“Obviously growth is inevitable. Three years from now we should be in every corner of the country in department stores;

One of the business’s primary objectives is to create jobs for our people and play our part in this country’s economic growth, not only by enriching ourselves but by building our community here in Soweto,” adds Nkosi.

 

PICTURE: UBUNTU

PICTURE: UBUNTU

 

Connect with Iintsizwa Ziphelele on:

Facebook: Iintsizwa Ziphelele
Website: http://www.iintsizwa.com

This piece was first published in the Cape Argus on October 3 2016. Find me on Instagram, Twitter and Snapchat: @Nontando58

 

Celebrating Tourism Month

Archery in Parys

Trying my hand in Archiery at the Real adventures place in Parys, Free State province. Picture:Paballo Thekiso

My first road trip was with three of myvfriends. We planned the trip from Durban to Cape
Town in three months. We were young and carefree. We divided the trip into two parts with an overnight stay in Knysna.

For dinner we ate sushi for the first time, in a restaurant by the harbour. This was followed by a late night of drinking at the bar at the backpackers’ where we were staying before stumbling to our four-bunk bedroom in the early hours.

The next morning on the road was rough, we were tired, hungover and excited at the same time about reaching Cape Town. We arrived just before sunset at the Green Elephant backpackers in Observatory, our home for four nights.

The staff welcomed us with open arms and we formed friendships that are still alive today. We spent the days sightseeing in the CBD, shopping at the V&A Waterfront, sipping cocktails in Camps Bay and driving up Signal Hill.

2. Quad Biking in ParysPicture:Paballo Thekiso

The nights were spent playing pool in Lower Main Road Observatory and club-hopping in Long Street. Without realising it until the last night, we had spent most of our petrol money. Our parents came to our rescue, but not before scolding us for our irresponsible
behaviour. Memories from that trip remain fresh in my mind.

What made the trip extra special was we managed to save the little money we had at the time for an adventure that would see the four of us bonding… we learnt a lot about each other during the long drive in a small Corsa.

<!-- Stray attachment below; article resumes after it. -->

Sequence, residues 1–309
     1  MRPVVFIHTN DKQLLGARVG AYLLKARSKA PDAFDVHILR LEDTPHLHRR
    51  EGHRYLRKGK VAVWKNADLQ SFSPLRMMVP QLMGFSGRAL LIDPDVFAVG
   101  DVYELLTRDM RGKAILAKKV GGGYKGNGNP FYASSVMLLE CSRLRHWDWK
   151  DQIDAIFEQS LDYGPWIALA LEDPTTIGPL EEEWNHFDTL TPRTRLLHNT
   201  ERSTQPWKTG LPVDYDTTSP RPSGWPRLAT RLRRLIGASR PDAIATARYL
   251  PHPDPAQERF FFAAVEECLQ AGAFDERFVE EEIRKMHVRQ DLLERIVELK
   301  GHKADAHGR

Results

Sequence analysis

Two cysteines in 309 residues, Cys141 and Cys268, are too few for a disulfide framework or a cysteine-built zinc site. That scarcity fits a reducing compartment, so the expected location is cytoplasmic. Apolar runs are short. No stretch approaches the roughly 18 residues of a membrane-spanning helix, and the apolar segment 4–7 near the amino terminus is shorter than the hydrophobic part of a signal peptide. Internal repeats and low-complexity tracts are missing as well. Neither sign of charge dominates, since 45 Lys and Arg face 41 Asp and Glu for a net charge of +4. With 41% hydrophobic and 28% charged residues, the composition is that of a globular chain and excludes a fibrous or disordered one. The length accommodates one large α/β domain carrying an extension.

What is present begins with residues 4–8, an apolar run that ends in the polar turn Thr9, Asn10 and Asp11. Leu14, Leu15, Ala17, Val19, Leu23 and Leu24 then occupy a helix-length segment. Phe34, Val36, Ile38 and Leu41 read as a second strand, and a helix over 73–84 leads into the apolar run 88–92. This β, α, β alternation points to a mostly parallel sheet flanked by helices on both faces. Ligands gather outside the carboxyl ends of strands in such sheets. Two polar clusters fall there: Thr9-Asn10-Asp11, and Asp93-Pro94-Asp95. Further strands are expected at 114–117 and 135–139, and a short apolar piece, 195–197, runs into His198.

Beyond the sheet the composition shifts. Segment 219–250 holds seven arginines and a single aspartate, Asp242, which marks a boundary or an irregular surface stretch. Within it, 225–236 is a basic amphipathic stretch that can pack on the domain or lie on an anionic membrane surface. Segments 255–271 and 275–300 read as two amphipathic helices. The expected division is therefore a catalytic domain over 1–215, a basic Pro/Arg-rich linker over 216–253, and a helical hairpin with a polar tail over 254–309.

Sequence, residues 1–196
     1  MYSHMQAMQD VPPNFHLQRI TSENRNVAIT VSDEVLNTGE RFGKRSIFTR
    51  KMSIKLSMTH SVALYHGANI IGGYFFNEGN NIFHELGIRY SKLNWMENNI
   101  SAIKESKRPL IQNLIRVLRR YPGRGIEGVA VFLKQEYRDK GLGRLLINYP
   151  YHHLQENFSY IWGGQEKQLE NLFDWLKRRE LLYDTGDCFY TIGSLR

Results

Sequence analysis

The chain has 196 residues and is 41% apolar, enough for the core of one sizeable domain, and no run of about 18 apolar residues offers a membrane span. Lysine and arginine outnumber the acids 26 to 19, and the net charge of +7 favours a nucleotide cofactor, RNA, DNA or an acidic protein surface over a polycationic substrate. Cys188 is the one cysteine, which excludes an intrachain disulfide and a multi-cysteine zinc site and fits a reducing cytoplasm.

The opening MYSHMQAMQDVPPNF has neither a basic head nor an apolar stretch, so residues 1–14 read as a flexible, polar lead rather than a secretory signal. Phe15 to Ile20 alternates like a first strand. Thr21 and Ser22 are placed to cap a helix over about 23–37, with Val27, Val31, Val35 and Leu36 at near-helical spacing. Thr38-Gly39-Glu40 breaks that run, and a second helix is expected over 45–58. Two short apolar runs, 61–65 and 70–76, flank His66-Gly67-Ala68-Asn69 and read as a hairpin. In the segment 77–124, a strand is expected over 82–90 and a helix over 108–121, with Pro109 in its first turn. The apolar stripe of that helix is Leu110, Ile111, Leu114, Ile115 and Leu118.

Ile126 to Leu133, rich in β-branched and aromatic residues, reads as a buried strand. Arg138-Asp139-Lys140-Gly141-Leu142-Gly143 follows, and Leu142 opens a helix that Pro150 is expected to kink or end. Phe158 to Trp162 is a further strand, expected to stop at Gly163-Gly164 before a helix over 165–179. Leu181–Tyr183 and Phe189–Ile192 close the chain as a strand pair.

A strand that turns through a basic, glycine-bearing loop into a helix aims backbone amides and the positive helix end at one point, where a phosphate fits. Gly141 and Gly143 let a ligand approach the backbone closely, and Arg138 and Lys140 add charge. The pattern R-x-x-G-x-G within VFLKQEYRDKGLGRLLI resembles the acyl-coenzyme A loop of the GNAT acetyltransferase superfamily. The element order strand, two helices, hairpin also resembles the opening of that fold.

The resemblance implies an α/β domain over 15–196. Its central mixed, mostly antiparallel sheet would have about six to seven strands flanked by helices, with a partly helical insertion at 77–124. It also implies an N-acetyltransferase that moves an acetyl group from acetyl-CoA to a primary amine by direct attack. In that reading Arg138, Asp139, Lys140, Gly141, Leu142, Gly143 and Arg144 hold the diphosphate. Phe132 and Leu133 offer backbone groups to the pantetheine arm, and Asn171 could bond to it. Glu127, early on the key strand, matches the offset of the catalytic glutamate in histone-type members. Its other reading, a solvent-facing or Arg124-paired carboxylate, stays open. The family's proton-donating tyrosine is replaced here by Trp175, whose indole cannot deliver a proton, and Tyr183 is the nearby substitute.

“I would like to think this trip ignited a lust for travel in each of us”

Since then, the four of us have travelled extensively in South Africa, as well as in Europe and the US. Contrary to what some might believe, one does not require a fat bank balanceto be able to travel, be it local or international. However, some saving and smart planning is key.

Common sense goes a long way. For example, buying a plane ticket a few months before you travel will be cheaper than booking the flight the day before you are due to travel.

In the past, I have taken the Greyhound bus to Durban to visit my family and overland trucks to Victoria Falls in Zimbabwe and Namibia for holidays. The experiences are priceless.

New Image

Queening with the BaSotho women dressed in their traditional wear called Thebetha

“Venturing out of your comfort zone and learning about other people and cultures will teach you things about yourself and the world you won’t find in a textbook”

 

2

Enjoying a sunset cruise on the Vaal River. Picture by Paballo Thekiso.

One of my favourite Sho’t Left (domestic travels) trip include a visit to Joburg where I caught up with friends and family. On a recent trip there I spent a weekend in Soweto, which is home to some of South Africa’s world famous names, such as Nelson Mandela, and is known for history changing moments such as the 1976 Soweto student uprising.

During my stay there I visited the Mandela house in Vilakazi Street, a buzzing street lined with restaurants and cafés… a not so common sight for a township. There is an electrifying energy that hangs in the air that when I left, I felt empty .

Recently I paid a visit to my home town, but opted to stay at a hotel in the city centre instead of home as they were busy renovating. I saw Durban through the eyes of a tourist for the first time and I became one.

I visited art galleries, museums, took long leisurely walks on the beachfront promenade and discovered cafés where I spent hours watching people. I returned with a new-found appreciation for the city where people have no whims about striking up conversations with strangers. I realised how much I missed this simple act of ubuntu (human kindness) that is still alive there.

4

Last week I spent a week in the Free State visiting several towns. It was my first time there and I experienced a number of firsts. I learnt about towns I never knew existed, such as Vredefort near Parys.

I quad biked, I tried my hand at archery and went river rafting on the Vaal River. All these sporting activities were never on my to-do-list of fun things while on a holiday before this trip.

1. L-R Liam Joyce and Nontando Mposo river rafting in the Vaal RiverLiam and I slaying. Picture:Paballo Thekiso

September is tourism month, an annual celebration focusing on the importance of tourism for the economy. The theme for this year is Tourism For All: Promoting Universal Accessibility.

It aims to encourage everyone to explore and rediscover our country. So, round up a group of friends or family for a Sho’t Left somewhere.

Visit:www@shotleft.co.za for more travel inspiration. 

3

Connect with me and follow my adventures on Instagram, Twitter and Snapchat @Nontando58. 

This feature was first published in the Cape Argus on September 2016.